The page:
Ross Kemp: Gangs II follows parts of Season Three and Season Four of Sky One’s documentary series Ross Kemp on Gangs.
Kemp, who had shot to prominence for his role as Grant Mitchell on Eastenders during the 1990s begun his career as an investigative journalist in 2004 with the filming of Gangs.
The Essex born Kemp would write books about his experiences filming the documentaries and the second book delves into the episodes focusing on Colombian sicarios and paramilitaries, Polish football hooligans in Krakow and Gorzow, the animist and martial arts orientated gangs of East Timor, the Bloods and the Crips of Compton, the Aryan Brotherhood in Supermax prisons, the Mungiki and children pushed to solvent abuse in Kenya as well as the rise of gang crime in Norris Green and Croxteth in Liverpool.
Kemp discussed his feelings and thoughts whilst filming for these episodes, the sorrow he feels at the futility of their efforts of a Colombian mother gunned down after trying to save her family, the pain of a Kenyan boy in Eldoret who he cannot help as he would likely be robbed and harmed, such is the plight of the children in that community.
Kemp adds more to what you would have seen on screen, he compares the places he visits and makes it clear to the reader that this is “our” problem. He puts himself in some dangerous situations, needing an older gang member to protect his group after a younger one makes a gang sign in the wrong Los Angeles neighborhood, to delve deep into an issue, which so many people have an opinion on, but very few actually explore it any real detail. Ideology getting in the way of valued human judgments.
Kemp shows the positives of the former gang members in Colombia having classes to get an education and change their lives around, the positivity of East Timor’s President José Ramos-Horta in his attempts to save the young fledgling nation from the gangs which called two-thirds of the former Portuguese colony’s young people members.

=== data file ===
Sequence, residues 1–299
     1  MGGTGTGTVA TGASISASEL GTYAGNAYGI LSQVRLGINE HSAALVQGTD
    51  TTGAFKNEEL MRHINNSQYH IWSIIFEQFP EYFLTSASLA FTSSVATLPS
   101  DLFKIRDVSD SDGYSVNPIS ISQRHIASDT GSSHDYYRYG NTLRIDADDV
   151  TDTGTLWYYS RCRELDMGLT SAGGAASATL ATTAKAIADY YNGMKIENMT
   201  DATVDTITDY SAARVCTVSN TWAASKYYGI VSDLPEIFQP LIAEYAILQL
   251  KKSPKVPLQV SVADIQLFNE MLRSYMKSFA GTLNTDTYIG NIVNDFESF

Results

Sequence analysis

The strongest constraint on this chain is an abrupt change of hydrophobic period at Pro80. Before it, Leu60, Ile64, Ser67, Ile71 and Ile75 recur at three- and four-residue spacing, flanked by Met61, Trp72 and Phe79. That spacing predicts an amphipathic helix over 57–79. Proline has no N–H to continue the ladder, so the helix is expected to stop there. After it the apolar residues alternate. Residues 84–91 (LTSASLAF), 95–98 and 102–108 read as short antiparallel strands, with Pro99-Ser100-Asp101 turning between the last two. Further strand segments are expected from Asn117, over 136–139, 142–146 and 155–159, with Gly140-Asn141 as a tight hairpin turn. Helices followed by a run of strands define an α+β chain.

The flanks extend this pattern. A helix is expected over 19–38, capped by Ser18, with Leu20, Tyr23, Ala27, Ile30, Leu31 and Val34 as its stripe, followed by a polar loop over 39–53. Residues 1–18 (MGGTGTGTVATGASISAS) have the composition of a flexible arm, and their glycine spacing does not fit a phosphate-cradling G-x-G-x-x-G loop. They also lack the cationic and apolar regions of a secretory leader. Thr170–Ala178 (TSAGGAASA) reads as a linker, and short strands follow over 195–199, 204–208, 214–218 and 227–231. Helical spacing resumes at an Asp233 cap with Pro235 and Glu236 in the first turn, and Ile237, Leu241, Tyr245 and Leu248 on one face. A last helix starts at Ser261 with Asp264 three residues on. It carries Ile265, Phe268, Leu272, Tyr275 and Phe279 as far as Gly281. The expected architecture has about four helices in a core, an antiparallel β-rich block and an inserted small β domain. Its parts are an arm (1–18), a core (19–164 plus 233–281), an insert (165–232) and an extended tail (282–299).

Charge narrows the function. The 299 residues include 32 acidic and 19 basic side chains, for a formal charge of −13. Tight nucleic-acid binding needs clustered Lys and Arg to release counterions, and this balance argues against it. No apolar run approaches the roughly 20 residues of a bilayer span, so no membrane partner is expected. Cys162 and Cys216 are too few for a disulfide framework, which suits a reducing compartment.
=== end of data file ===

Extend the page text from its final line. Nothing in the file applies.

Kemp showcases fine journalism in a book, which although short is a very powerful read.
Kemp allows people to speak for themselves and talks to the many people affected by gangs in these far-flung corners of the globe. You will feel disgusted and full of sympathy in equal measure because Kemp paints a picture of reality.
A reality that is as complicated as it is serious and far-reaching. The only criticism I have is the book needs to be viewed with the episodes in question as it is a little hard at points to visualise the things that are described, but for anyone with an interest in gangs or crime, it is spectacular.
Kemp discusses the many causes of gang warfare. Politics and race in the case of Poland’s Stilon fighters, war in the case of the Timorese gangs, revenge in the case of those in Colombia and just the environment that the members find themselves in Liverpool, where Kemps’s constant asking why the gangs view one another as enemies and as scum is relentless but unanswered.
Rating — 4/5 Stars.
Next book to review: The Rape of Nanking by Iris Chang